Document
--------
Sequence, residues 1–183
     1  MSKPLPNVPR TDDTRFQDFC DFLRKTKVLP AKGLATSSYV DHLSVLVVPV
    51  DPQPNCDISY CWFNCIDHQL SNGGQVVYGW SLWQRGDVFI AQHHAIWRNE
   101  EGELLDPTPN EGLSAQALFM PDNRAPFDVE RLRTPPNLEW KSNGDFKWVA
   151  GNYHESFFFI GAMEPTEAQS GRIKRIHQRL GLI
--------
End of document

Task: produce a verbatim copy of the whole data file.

Sequence, residues 1–183
     1  MSKPLPNVPR TDDTRFQDFC DFLRKTKVLP AKGLATSSYV DHLSVLVVPV
    51  DPQPNCDISY CWFNCIDHQL SNGGQVVYGW SLWQRGDVFI AQHHAIWRNE
   101  EGELLDPTPN EGLSAQALFM PDNRAPFDVE RLRTPPNLEW KSNGDFKWVA
   151  GNYHESFFFI GAMEPTEAQS GRIKRIHQRL GLI